Van Andre Beasley v. Commonwealth of Virginia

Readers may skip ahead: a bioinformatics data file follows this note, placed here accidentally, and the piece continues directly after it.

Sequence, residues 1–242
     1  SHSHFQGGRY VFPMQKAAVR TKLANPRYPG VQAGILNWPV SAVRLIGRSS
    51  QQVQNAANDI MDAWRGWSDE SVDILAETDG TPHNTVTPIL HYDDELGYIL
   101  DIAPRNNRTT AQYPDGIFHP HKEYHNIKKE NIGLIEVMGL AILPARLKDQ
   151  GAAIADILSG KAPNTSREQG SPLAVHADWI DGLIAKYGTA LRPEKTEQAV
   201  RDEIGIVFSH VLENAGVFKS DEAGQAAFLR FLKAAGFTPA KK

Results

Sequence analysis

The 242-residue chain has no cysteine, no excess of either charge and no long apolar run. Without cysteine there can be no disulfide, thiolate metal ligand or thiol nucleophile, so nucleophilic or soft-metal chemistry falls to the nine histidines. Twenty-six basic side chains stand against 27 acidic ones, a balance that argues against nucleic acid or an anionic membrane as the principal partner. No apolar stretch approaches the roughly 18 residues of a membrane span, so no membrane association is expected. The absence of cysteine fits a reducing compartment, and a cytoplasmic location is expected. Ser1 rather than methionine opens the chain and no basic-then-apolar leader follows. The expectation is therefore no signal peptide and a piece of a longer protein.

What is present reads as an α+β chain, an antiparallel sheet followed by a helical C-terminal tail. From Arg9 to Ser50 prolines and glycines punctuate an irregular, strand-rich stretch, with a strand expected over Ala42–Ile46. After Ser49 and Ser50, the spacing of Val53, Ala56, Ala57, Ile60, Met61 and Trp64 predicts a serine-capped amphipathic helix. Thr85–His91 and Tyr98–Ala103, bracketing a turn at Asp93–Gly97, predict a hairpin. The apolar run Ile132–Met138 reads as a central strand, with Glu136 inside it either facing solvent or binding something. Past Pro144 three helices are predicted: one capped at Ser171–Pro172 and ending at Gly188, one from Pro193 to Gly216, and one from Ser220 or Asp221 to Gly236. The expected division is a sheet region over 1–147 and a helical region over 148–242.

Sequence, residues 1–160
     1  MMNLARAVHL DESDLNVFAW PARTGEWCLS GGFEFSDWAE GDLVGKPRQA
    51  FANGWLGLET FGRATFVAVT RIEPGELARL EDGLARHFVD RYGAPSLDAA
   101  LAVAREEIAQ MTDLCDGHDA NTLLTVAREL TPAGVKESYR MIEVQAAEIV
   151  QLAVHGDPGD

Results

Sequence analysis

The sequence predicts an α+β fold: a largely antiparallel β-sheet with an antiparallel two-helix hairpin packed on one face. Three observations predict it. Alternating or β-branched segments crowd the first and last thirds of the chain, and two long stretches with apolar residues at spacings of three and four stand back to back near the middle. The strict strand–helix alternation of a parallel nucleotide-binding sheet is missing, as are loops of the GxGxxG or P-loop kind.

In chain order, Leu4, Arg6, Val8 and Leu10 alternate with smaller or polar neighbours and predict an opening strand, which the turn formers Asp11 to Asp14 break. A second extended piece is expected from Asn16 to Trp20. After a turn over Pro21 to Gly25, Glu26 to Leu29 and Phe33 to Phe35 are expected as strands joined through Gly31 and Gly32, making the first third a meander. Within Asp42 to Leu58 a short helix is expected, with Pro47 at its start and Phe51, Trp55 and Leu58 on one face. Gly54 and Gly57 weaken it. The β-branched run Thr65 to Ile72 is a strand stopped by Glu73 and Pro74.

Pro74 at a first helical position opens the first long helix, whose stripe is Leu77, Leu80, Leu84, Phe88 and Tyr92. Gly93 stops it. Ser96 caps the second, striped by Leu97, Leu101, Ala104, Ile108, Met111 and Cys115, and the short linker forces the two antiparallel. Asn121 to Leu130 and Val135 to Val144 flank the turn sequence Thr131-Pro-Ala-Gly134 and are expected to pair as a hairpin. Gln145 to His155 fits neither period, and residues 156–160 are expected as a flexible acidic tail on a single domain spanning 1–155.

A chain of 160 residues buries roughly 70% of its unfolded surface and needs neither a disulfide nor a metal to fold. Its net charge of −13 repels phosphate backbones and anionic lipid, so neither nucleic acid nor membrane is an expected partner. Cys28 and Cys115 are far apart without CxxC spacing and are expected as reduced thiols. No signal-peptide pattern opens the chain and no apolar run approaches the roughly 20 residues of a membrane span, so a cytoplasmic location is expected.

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COURT OF APPEALS OF VIRGINIA Present: Judges Petty, Beales and Alston Argued at Chesapeake, Virginia VAN ANDRE BEASLEY v. Record No. 1534-11-1 OPINION BY JUDGE RANDOLPH A. BEALES JULY 17, 2012 COMMONWEALTH OF VIRGINIA FROM THE CIRCUIT COURT OF THE CITY OF NORFOLK Mary Jane Hall, Judge J. Barry McCracken, Assistant Public Defender (Office of the Public Defender, on brief), for appellant. Steven A. Witmer, Senior Assistant Attorney General (Kenneth T. Cuccinelli, II, Attorney General, on brief), for appellee. Van Andre Beasley (appellant) was convicted in the trial court of possession of cocaine, in violation of Code § 18.2-250, and possession of heroin with intent to distribute (third or subsequent offense), in violation of Code § 18.2-248. Appellant argues on appeal that the trial court erred when it denied his motion to suppress these illegal drugs from the evidence admitted at trial. We disagree with appellant s argument, and, for the following reasons, we affirm the convictions. I. BACKGROUND 1 During the overnight hours of June 19, 2010, Sergeant Lee Tennis of the Norfolk Police Department conducted a routine patrol of that city s Lexington Park area a high-crime area noted for drug activity, gun violence, and homicides. Sergeant Tennis was very familiar with the Lexington Park area, and he had made narcotics arrests, recovered weapons, and responded to calls of shots being fired there. At about 3:30 a.m., while driving his patrol car near the 900 block of Goff Street, Sergeant Tennis noticed a blue minivan that was legally parked on the street in front of the rental office of the Lexington Square apartment complex. Sergeant Tennis observed that there was a person in the driver s seat (Lawson) and a person in the back seat on the passenger s side (Bowman). In addition, Sergeant Tennis also noticed that a person wearing a long-sleeve white shirt and jeans was walking toward the minivan. At the time Sergeant Tennis noticed him, this person was [i]n the parking lot towards the rental office, right around the mailbox. According to Sergeant Tennis, the area surrounding the apartment complex was clearly marked with no trespassing signs. Sergeant Tennis continued on his patrol of the Lexington Park area returning within five minutes to find that the minivan was still parked in the same place on Goff Street. From his vantage point in his patrol car, Sergeant Tennis observed Lawson, the driver of the minivan, appear to bend down towards the center console of the van or where the center console would be. Sergeant Tennis testified that Lawson s act of bending down in this way kind of alerted 1 On appeal of the denial of a motion to suppress, we consider the evidence adduced at both the suppression hearing and the trial, DePriest v. Commonwealth, 4 Va. App. 577, 583, 359 S.E.2d 540, 542-43 (1987), and we view it in the light most favorable to the Commonwealth, as the party that prevailed below. Commonwealth v. Grimstead, 12 Va. App. 1066, 1067, 407 S.E.2d 47, 48 (1991). Blevins v. Commonwealth, 40 Va. App. 412, 420, 579 S.E.2d 658, 662 (2003), aff d on other grounds, 267 Va. 291, 590 S.E.2d 365 (2004). -2- me a little bit given that the minivan was parked in a high-crime area. Sergeant Tennis then illuminated the [minivan s] interior with his patrol car s right side alley light and noticed that Lawson was still bent down towards the center console. Sergeant Tennis s suspicions were also raised because he could see that there were now three people inside the minivan Lawson in the driver s seat, Bowman in the back seat on the passenger s side of the vehicle, and, in addition, appellant in the front passenger s seat. Appellant was wearing a long-sleeve white shirt and jeans the same type of clothes as the clothing worn by the person who had been walking towards the minivan a few moments earlier. Sergeant Tennis exited his patrol car and approached the driver s side of the minivan. 2 Illuminating the interior of the minivan somewhat with his hand-held flashlight, Sergeant Tennis observed appellant reaching underneath his shirt. Appellant also reached down with his right hand towards the side of his seat, towards the back of the minivan. Sergeant Tennis could not see what was in appellant s right hand from his vantage point. At that exact moment, Sergeant Tennis testified, I noticed that Mr. Bowman, who was seated right behind [appellant], began to reach towards the seat where appellant was sitting. Bowman was also reaching with his right hand towards [appellant s] right hand. Sergeant Tennis testified that these furtive movements made him very uneasy and very suspicious because appellant and Bowman were moving their hands all around raising the suspicion that they had a gun. In his extensive experience, Sergeant Tennis explained to the trial court, 2 Lawson, the driver of the minivan, briefly exited the minivan before Sergeant Tennis directed him back inside the vehicle. We offer no opinion whether Lawson was seized at that point, and appellant never argued below that Lawson s submission to this order somehow resulted in all the occupants of the minivan being seized. See Rule 5A:18. This was not a traffic stop, as the minivan was legally parked at the time of the encounter. Furthermore, at the point when Lawson re-entered the minivan, Sergeant Tennis had not yet encountered appellant, who was still inside the minivan. -3- when people move their hands in this type of furtive manner, they have either had narcotics or a weapon in the vehicle. Mainly a weapon. Sergeant Tennis told the minivan s occupants, Let me see your hands. Put your hands in your laps. Appellant initially complied with this instruction as did the other two occupants. However, while Sergeant Tennis was waiting to determine if any of the minivan s occupants had outstanding arrest warrants, 3 the sergeant noticed, once again, [appellant] take his hands and mov[e] [them] around. Sergeant Tennis testified that appellant once again tried to drop his hand down towards the right side of the seat, like he was going to reach towards the back once again. Sergeant Tennis repeated his instruction to appellant to put his hands back on his lap where the sergeant could see them. However, Sergeant Tennis then noticed that the passenger side window was down and that appellant had his hand rested slightly outside of that window. Sergeant Tennis directed appellant, for a third time, to put his hands on his lap and keep them that way. At that point, according to Sergeant Tennis, appellant complied. Sergeant Tennis testified that appellant didn t move his hands anymore. When Officer Simpson and Officer Folston arrived on the scene, Sergeant Tennis decided to conduct a pat down of the minivan s occupants to determine if they were carrying any weapons. The occupants were ordered out of the minivan so that the limited pat-down search for 3 All three of the minivan s occupants provided identification or identifying information upon Sergeant Tennis s request. However, case law makes clear that the Fourth Amendment is not implicated when a person voluntarily responds to a police request to produce identification provided that the police do not convey, by word or deed, that compliance is mandatory. Montague v. Commonwealth, 278 Va. 532, 538, 684 S.E.2d 583, 587 (2009). The United States Supreme Court has explained, While most citizens will respond to a police request, the fact that people do so, and do so without being told they are free not to respond, hardly eliminates the consensual nature of the response. Immigration & Naturalization Service v. Delgado, 466 U.S. 210, 216 (1984). -4- weapons could be conducted. However, appellant did not comply with Officer Folston s directions for conducting the pat down. According to Sergeant Tennis s testimony, appellant was not spreading his feet apart and was keeping his hands tense so that they could not be interlocked, contrary to Officer Folston s instructions to him. Sergeant Tennis directed his flashlight at appellant s feet and noticed that there was a small, black, change-type bag mostly underneath appellant s right foot. Sergeant Tennis told appellant to lift his foot, but appellant refused. Sergeant Tennis tried to slightly push his foot out, but appellant had his foot firmly planted on the ground. When appellant ignored another command to move his foot, Sergeant Tennis then used a lot more force and pushed his foot out, spreading his feet. Sergeant Tennis then recovered the small bag, which contained heroin and cocaine. Appellant moved to suppress the illegal drugs from the trial evidence contending that he was seized without reasonable, articulable suspicion of criminal activity (and, therefore, that the illegal drugs must be suppressed as fruit of the poisonous tree ). Sergeant Tennis was the only witness at the suppression hearing. At the conclusion of the suppression hearing, the trial court denied appellant s motion to suppress based on all of the circumstances presented in Sergeant Tennis s testimony including the furtive movement that the sergeant observed, which the trial court found significant based on Sergeant Tennis s lengthy experience. II. ANALYSIS Standard of Review and General Fourth Amendment Principles This Court reviews appellant s challenge to the denial of his motion to suppress under settled principles. The Virginia Supreme Court has explained: When reviewing a denial of a motion to suppress evidence, an appellate court considers the evidence in the light most favorable to the Commonwealth and will accord the Commonwealth the benefit of all reasonable inferences fairly deducible from that -5- evidence. Sidney v. Commonwealth, 280 Va. 517, 520, 702 S.E.2d 124, 126 (2010). The defendant has the burden of showing that even when the evidence is reviewed in that light, denying the motion to suppress was reversible error. Id. at 522, 702 S.E.2d at 127. We review de novo the trial court s application of the law to the particular facts of the case. Glenn v. Commonwealth, 275 Va. 123, 130, 654 S.E.2d 910, 913, (2008). Branham v. Commonwealth, 283 Va. 273, 279, 720 S.E.2d 74, 77 (2012). On appeal from the denial of a suppression motion, an appellate court should give due weight to inferences drawn from those facts by resident judges and local law enforcement officers. Reittinger v. Commonwealth, 260 Va. 232, 236, 532 S.E.2d 25, 27 (2000) (quoting Ornelas v. United States, 517 U.S. 690, 699 (1996)). The Fourth Amendment guarantees, in relevant part, [t]he right of the people to be secure in their persons, houses, papers, and effects, against unreasonable searches and seizures. Brooks v. Commonwealth, 282 Va. 90, 95, 712 S.E.2d 464, 466 (2011) (quoting U.S. Const. amend. IV). However, [n]ot every encounter that the police have with a member of the public is a seizure. Washington v. Commonwealth, 29 Va. App. 5, 10, 509 S.E.2d 512, 514 (1999). A consensual encounter between the police and an individual will not trigger Fourth Amendment scrutiny unless it loses its consensual nature and renders the person seized under the Fourth Amendment. Florida v. Bostick, 501 U.S. 429, 434 (1991). Moreover, case law makes clear that a person is seized for Fourth Amendment purposes only when the person is either physically restrained or has submitted to a show of authority. McGee v. Commonwealth, 25 Va. App. 193, 199, 487 S.E.2d 259, 262 (1997) (en banc) (citing California v. Hodari D., 499 U.S. 621, 625 (1991)). -6- Moss v. Commonwealth is Not Controlling Here Appellant argues that he was seized under the Fourth Amendment before the encounter with Sergeant Tennis actually occurred i.e., when Sergeant Tennis illuminated the interior of the minivan with the right side alley light of his patrol car prior to approaching the minivan on foot. In support of this argument, appellant relies on this Court s opinion in Moss v. Commonwealth, 7 Va. App. 305, 373 S.E.2d 170 (1988). However, Moss is not controlling here. In Moss, the flashlight that the police officer pointed directly at Moss was, according to the officer, bright and ha[d] an effect of blinding the other parties, which stuns them. Id. at 307, 373 S.E.2d at 172. This Court explained that [t]he blinding and stunning effect of the flashlight in the hands of a uniformed officer who is asking questions amounts to a show of official authority such that a reasonable person would conclude he was not free to leave. Id. at 307-08, 373 S.E.2d at 172. Thus, this Court held that the manner in which the police officer suddenly confronted Moss with this flashlight amounted to a seizure of Moss s person. Id. at 307, 373 S.E.2d at 172. This Court s decision in Moss which was based on the specific circumstances of that case certainly is not controlling on the very different circumstances that are presented in this case. Unlike in Moss, the record here does not indicate how bright the right side alley light of the patrol car was or indicate what its effect (if any) on the occupants of the minivan was. Viewing the evidence in the light most favorable to the Commonwealth, as we must since it was the prevailing party in the trial court, Riner v. Commonwealth, 268 Va. 296, 330, 601 S.E.2d 555, 574 (2004), nothing in this record supports the conclusion that the right side alley light of Sergeant Tennis s patrol car was so intensely bright as to blind and stun the occupants of the minivan. Accordingly, the circumstances in Moss are readily distinguishable from the circumstances of this case. -7- No Seizure Occurs Until Appellant Submits to the Officer s Show of Authority Instead, the Virginia Supreme Court s decision in Cochran v. Commonwealth, 258 Va. 604, 521 S.E.2d 287 (1999), is controlling for determining whether and when appellant was seized under the Fourth Amendment in this case. In Cochran, the Court discussed the test for determining whether a seizure has occurred that the United States Supreme Court formulated in United States v. Mendenhall, 446 U.S. 544 (1980), and subsequently interpreted in Hodari D. According to the Mendenhall test, a person has been seized within the meaning of the Fourth Amendment only if, in view of all of the circumstances surrounding the incident, a reasonable person would have believed that he was not free to leave. Id. at 554. However, as the Virginia Supreme Court held in Cochran, the Mendenhall test is not applicable until the person submits to the officer s show of authority. Cochran, 258 Va. at 608, 521 S.E.2d at 289 (emphasis added). This principle stated in Cochran reflects the United States Supreme Court s holding in Hodari D. that a seizure of a person requires either physical force by the police officer or, where that is absent, submission to the assertion of authority. Hodari D., 499 U.S. at 626 (emphasis in original); see Woodson v. Commonwealth, 245 Va. 401, 405, 429 S.E.2d 27, 29 (1993) ( Thus, as in Hodari D., because Woodson did not submit to [Detective] Carter s command, we must focus upon what Woodson did, not what a reasonable person would have assumed under the circumstances. ). The Virginia Supreme Court s clear holding in Cochran that a person must first submit to the police officer s show of authority before being seized for Fourth Amendment purposes is well established in Virginia s case law. 4 Consistent with Cochran and other binding case law, 4 In McCain v. Commonwealth, 261 Va. 483, 491, 545 S.E.2d 541, 546 (2001), the Virginia Supreme Court reiterated that [a] seizure does not occur in the absence of physical force used by a law enforcement officer or a defendant s submission to an officer s assertion of -8- this Court must consider what appellant actually did in response to the police officer s show of authority and when appellant actually submitted to Sergeant Tennis s show of authority in order to determine when appellant was seized for Fourth Amendment purposes. Woodson, 245 Va. at 405, 429 S.E.2d at 29. This Court s opinion in Jones v. Commonwealth, 52 Va. App. 548, 665 S.E.2d 261 (2008), which, like this case, dealt with instructions by the police for an individual to keep his hands where they could be seen is highly instructive on this issue. In Jones, two police officers observed Jones sitting alone in a vehicle parked in the parking lot of a hotel known for drug transactions. The officers approached the vehicle and initiated a consensual encounter with Jones. During this encounter, the officers observed Jones reaching toward the floorboard of the vehicle. Concerned that a weapon was within Jones s reach, one of the officers instructed Jones to keep his hands on the steering wheel. Although Jones initially complied with this instruction, Jones then began reaching toward the floorboard again, prompting the officer to repeat the instruction to keep his hands on the steering wheel. When Jones reached for the floorboard a third time, the officer drew his firearm and ordered Jones to exit the vehicle. Id. at 551-54, 665 S.E.2d at 263-64. On appeal, this Court held that neither Jones s initial compliance with the officer s instruction to keep his hands on the steering wheel nor the officer s repeating of this instruction multiple times transformed the consensual encounter into a seizure. This Court explained: authority. Similarly, this Court has explained, [T]here is a condition precedent to a seizure: The individual must submit to the officer s force or authority. Jones v. Commonwealth, 52 Va. App. 548, 557, 665 S.E.2d 261, 265 (2008); see also Brown v. City of Danville, 44 Va. App. 586, 604, 606 S.E.2d 523, 532 (2004) ( Accordingly, once Brown agreed to go over to the police car, thereby submitting to Officer Reid s show of authority, a seizure had occurred. ); Washington, 29 Va. App. at 10-11, 509 S.E.2d at 514 ( A seizure occurs when by physical force or show of authority and submission thereto, an individual s freedom of movement is restrained and the person is not free to leave. ); McGee, 25 Va. App. at 199, 487 S.E.2d at 262 (stating that a person is not seized until that person is either physically restrained or has submitted to a show of authority ). -9- As noted, after the officers approached Jones and [Officer] Tovar initiated conversation, Jones reached down to the floorboard and Tovar asked him to put his hands on the wheel of the vehicle. Then, on three occasions, Jones refused to comply with that command and reached for the floorboard. Thus, he did not submit to Tovar s assertion of authority. Id. at 557, 665 S.E.2d at 265-66; see also Woodson, 245 Va. at 405, 429 S.E.2d at 29 (explaining that it is apparent that Woodson had not been seized when [Detective] Carter ordered him to place his hands where Carter could see them because Woodson did not submit to Carter s authority (emphasis added)). Therefore, this Court held in Jones that the seizure occurred when the officer drew his weapon and ordered Jones to exit the vehicle but not before then. Jones, 52 Va. App. at 557, 665 S.E.2d at 266. Here, like in Jones, Sergeant Tennis instructed appellant (as well as Lawson and Bowman, the minivan s other occupants) to keep his hands where they could be seen, i.e., on his lap. As in Jones, neither this instruction nor appellant s initial but very temporary compliance with this instruction was enough, by itself, to transform a consensual encounter into a seizure. After this very brief, initial moment of compliance, appellant (like the defendant in Jones) then felt free to ignore Sergeant Tennis s instructions and continued moving his right hand in a furtive manner. Therefore, appellant was not seized for Fourth Amendment purposes simply because Sergeant Tennis issued a second and third command that appellant keep his hands on his lap where they could be seen. Up to that point, appellant had not yet actually submitted to Sergeant Tennis s show of authority within the meaning of this Court s decision in Jones. Appellant only actually submitted to Sergeant Tennis s show of authority when appellant stopped moving his hands furtively following the sergeant s third instruction to keep his hands on his lap where they could be seen. Significantly, according to Sergeant Tennis, appellant didn t move his hands anymore. By placing (and keeping) his hands where they could be seen, - 10 - appellant thereby submitted to Sergeant Tennis s show of authority and, therefore, became seized for Fourth Amendment purposes at that point. Accordingly, based on the specific facts and circumstances of this case, we hold that appellant was seized under the Fourth Amendment when he finally actually submitted to Sergeant Tennis s instructions to keep his hands on his lap where they could be seen once appellant did not move his hands anymore. Furthermore, by the time appellant was seized for Fourth Amendment purposes, enough facts and circumstances had sufficiently accumulated so that reasonable, articulable suspicion of possible criminal activity existed to detain appellant. Reasonable Articulable Suspicion Under Terry v. Ohio, 392 U.S. 1 (1968), and its progeny, a police officer may constitutionally conduct a brief, investigatory stop when the officer has a reasonable, articulable suspicion that criminal activity is afoot. Bass v. Commonwealth, 259 Va. 470, 474-75, 525 S.E.2d 921, 923 (2000) (citing Terry, 392 U.S. at 30). A reasonable suspicion requires only some minimal level of objective justification for making such a stop. I.N.S. v. Delgado, 466 U.S. 210, 217 (1984). Whether an officer has a reasonable suspicion to justify such a detention is based on an assessment of the totality of the circumstances. Harris v. Commonwealth, 276 Va. 689, 695, 668 S.E.2d 141, 145 (2008). That assessment allows officers to draw on their own experience and specialized training to make inferences from and deductions about the cumulative information available to them that might well elude an untrained person. United States v. Arvizu, 534 U.S. 266, 273 (2002) (quoting United States v. Cortez, 449 U.S. 411, 418 (1981)). Branham, 283 Va. at 280, 720 S.E.2d at 78. Here, as discussed supra, appellant was seized under the Fourth Amendment when he actually submitted to Sergeant Tennis s third instruction to keep his hands on his lap where they could be seen. (Until that point, appellant s interaction with Sergeant Tennis had actually been consensual.) A number of factors within the sergeant s knowledge by the time appellant was - 11 - actually seized provided the sergeant with the required reasonable, articulable suspicion to conduct an investigatory stop at that time. First, the encounter occurred during the middle of the night in an area (Lexington Park) that is known for narcotics transactions and gun crimes, according to Sergeant Tennis. Second, the area surrounding the Lexington Square apartment complex in Lexington Park is marked with no trespassing signs and Sergeant Tennis observed that a man wearing the same type of clothing that appellant was wearing (a long-sleeve white shirt and jeans) had been walking in the parking lot of the apartment complex, heading in the direction of the minivan, mere moments before the encounter, which, as noted, occurred around 3:30 a.m. Third, appellant who appeared quite likely to be the same man who had been observed by Sergeant Tennis walking toward the minivan was sitting in the front passenger s seat of the minivan that was parked on Goff Street when Sergeant Tennis returned to the area. 5 Fourth, Lawson, the driver of the minivan, reached toward the center console when the patrol car approached the minivan a movement that concerned the experienced Sergeant Tennis. Fifth, when Sergeant Tennis approached the minivan on foot, he could see appellant reach his hand underneath his shirt a furtive gesture that also concerned Sergeant Tennis. Sixth, Sergeant Tennis then observed 5 Sergeant Tennis testified that he was especially familiar with the Lexington Park area because he also provided security services for the Lexington Square apartment complex during his off-duty hours. Responding to the trial court s own questions during the suppression hearing, Sergeant Tennis confirmed to the trial court that the person he saw walking in the Lexington Square parking lot at that very late hour would have been trespassing on the apartment complex s property unless he lived there (or otherwise was lawfully on that property). Sergeant Tennis testified that he did not know whether or not this person lived at the apartment complex, adding [t]hat s kind of what my investigation was at that point. (Sergeant Tennis also testified that trespassing was not his main concern after he observed all of the furtive movements that appellant (and the other occupants of the vehicle) made moments later, but the suspicion of trespassing was still a factor within the sergeant s consideration as the situation here was evolving.) The fact that Sergeant Tennis noticed that a person who was wearing the same clothing as the individual who was possibly trespassing was then sitting in the minivan with its two occupants further raised the sergeant s suspicions, given the very late hour of 3:30 a.m. and the sergeant s familiarity with the area as a high-crime area noted for drug transactions. - 12 - appellant and Bowman (the man in the rear passenger s seat) moving their right hands in a furtive manner toward each other. Seventh, Sergeant Tennis testified, without objection, that, based on his extensive experience, people who move their hands in such a furtive manner are likely attempting to hide illegal drugs or weapons from the police. Eighth, appellant resumed moving his right hand in a furtive manner after Sergeant Tennis had instructed the minivan s occupants to place their hands on their laps. Ninth, appellant continued moving his right hand in a furtive manner despite yet another instruction from Sergeant Tennis to stop this behavior. Tenth, Sergeant Tennis then observed that appellant s right hand was sitting outside of the front passenger s side window suggesting perhaps that appellant was attempting to discard an object out the window. These accumulating factors, in their totality, provided a reasonable, articulable suspicion that criminal activity was afoot involving appellant. On brief, Beasley refers to certain appellate opinions where denials of motions to suppress in the trial courts were reversed on appeal. However, what those cases have in common is that they involve one or some, but not all, of the many circumstances supporting reasonable, articulable suspicion that are present here. Accordingly, those cases do not control the analysis here. For example, unlike in Riley v. Commonwealth, 13 Va. App. 494, 412 S.E.2d 724 (1992), Smith v. Commonwealth, 12 Va. App. 1100, 407 S.E.2d 49 (1991), and Goodwin v. Commonwealth, 11 Va. App. 363, 398 S.E.2d 690 (1990), the facts in this case point to far more than a quick, furtive gesture in the presence of the police officer that gave the officer no more than a hunch of criminal activity. Here, unlike in those cases, Sergeant Tennis observed many furtive gestures including several by appellant himself even after the sergeant instructed him to keep his hands on his lap where they could be seen. Furthermore, based on his extensive experience, Sergeant Tennis also explained the significance of those furtive gestures in the trial - 13 - court as suggestive of possession of illegal drugs, a concealed firearm, or both. See Bandy v. Commonwealth, 52 Va. App. 510, 518, 664 S.E.2d 519, 523 (2008) ( Courts have often recognized that the connection between illegal drug operations and guns is a tight one. (quoting Jones v. Commonwealth, 272 Va. 692, 701 n.3, 636 S.E.2d 403, 407 n.3 (2006))). Appellant also relies on Ewell v. Commonwealth, 254 Va. 214, 491 S.E.2d 721 (1997), where the police lacked reasonable, articulable suspicion that the defendant was trespassing. However, the possibility that appellant had been trespassing on the grounds of the Lexington Square apartment complex, while certainly a factor among the totality of the circumstances present here, was not Sergeant Tennis s main concern, according to the sergeant s testimony in the trial court. Instead, Sergeant Tennis testified that he was mainly concerned by the suspicious and furtive hand movements made by appellant and the other occupants of the minivan contrasting this case with Ewell, where the Virginia Supreme Court specifically held that nothing about Ewell s conduct was suspicious. Id. at 217, 491 S.E.2d at 723. Appellant s further reliance on Asble v. Commonwealth, 50 Va. App. 643, 653 S.E.2d 285 (2007), is also misplaced. In that case, Asble s vehicle was simply sitting on the shoulder of an interstate highway s entrance ramp. Unlike the situation here, none of Asble s actions gave rise to a reasonable suspicion of criminal activity, and [t]he location was not a high crime area or an area known for illegal conduct. Id. at 649, 653 S.E.2d at 288. [W]hile a suspect s presence in a high crime area, standing alone, is not enough to support a reasonable particularized suspicion, it is a relevant contextual consideration in a Terry analysis. Whittaker v. Commonwealth, 279 Va. 268, 276, 687 S.E.2d 733, 737 (2010); see Illinois v. Wardlow, 528 U.S. 119, 124 (2000) ( [O]fficers are not required to ignore the relevant characteristics of a location in determining whether the circumstances are sufficiently suspicious to warrant further investigation. ). - 14 - Here, the accumulation of many circumstances that are present in the record certainly gave Sergeant Tennis a reasonable, articulable suspicion that appellant was involved in potential criminal activity, such as a drug transaction, the possession of a concealed weapon, or both. Accordingly, the detention of appellant was permissible under the Fourth Amendment. 6 Seizure of the Small Bag Containing the Illegal Drugs During oral argument in this Court, appellant s counsel acknowledged that appellant s motion to suppress the illegal drugs in the trial court was based entirely on his assertion that the investigatory detention of appellant violated the Fourth Amendment and, therefore, was also based on his argument that any evidence obtained from the investigatory stop was required to be suppressed as fruit of the poisonous tree. 7 Accordingly, we do not address any other issues potentially related to the seizure of the small bag containing the illegal drugs because consideration of such issues is barred under Rule 5A:18 due to his failure to raise them in the trial court, because appellant has not requested that this Court invoke any exception to Rule 5A:18, and because this Court will not invoke an exception to Rule 5A:18 sua sponte. See Williams v. Commonwealth, 57 Va. App. 341, 347, 702 S.E.2d 260, 263 (2010). 6 Although appellant on appeal has not specifically challenged the legality of the attempted pat-down search for weapons, we note that a reasonable suspicion that appellant possessed a concealed weapon ipso facto rendered [appellant] potentially armed and dangerous. Jones, 52 Va. App. at 560-61, 665 S.E.2d at 267; see Andrews v. Commonwealth, 37 Va. App. 479, 492, 559 S.E.2d 401, 408 (2002) ( [W]e find that [Officer] Wilson had reasonable cause to believe that [the defendant] might be carrying a concealed weapon and that the investigatory stop and limited pat-down search for weapons were warranted to protect himself and others who might be in danger. ). 7 Appellant s counsel acknowledged in oral argument that appellant never asserted in the trial court that Sergeant Tennis lacked probable cause to seize the small bag containing the illegal drugs which Sergeant Tennis first observed on the ground, partially covered by appellant s foot, when appellant was not complying with the procedures for the officer s pat-down search of him for weapons and was actively attempting to prevent Sergeant Tennis from moving his foot. - 15 - III. CONCLUSION By the time that appellant finally actually submitted to Sergeant Tennis s show of authority and, therefore, was seized for the purposes of the Fourth Amendment several circumstances within the sergeant s knowledge had accumulated. They all contributed to providing a reasonable police officer with reasonable, articulable suspicion that appellant was connected with criminal activity that was afoot. Thus, the investigatory detention of appellant did not violate the Fourth Amendment, and the trial court did not err when it denied appellant s motion to suppress the illegal drugs that were obtained during that investigatory detention. Accordingly, for the foregoing reasons, we affirm appellant s convictions for possession of cocaine and possession of heroin with intent to distribute (third or subsequent offense). Affirmed. - 16 -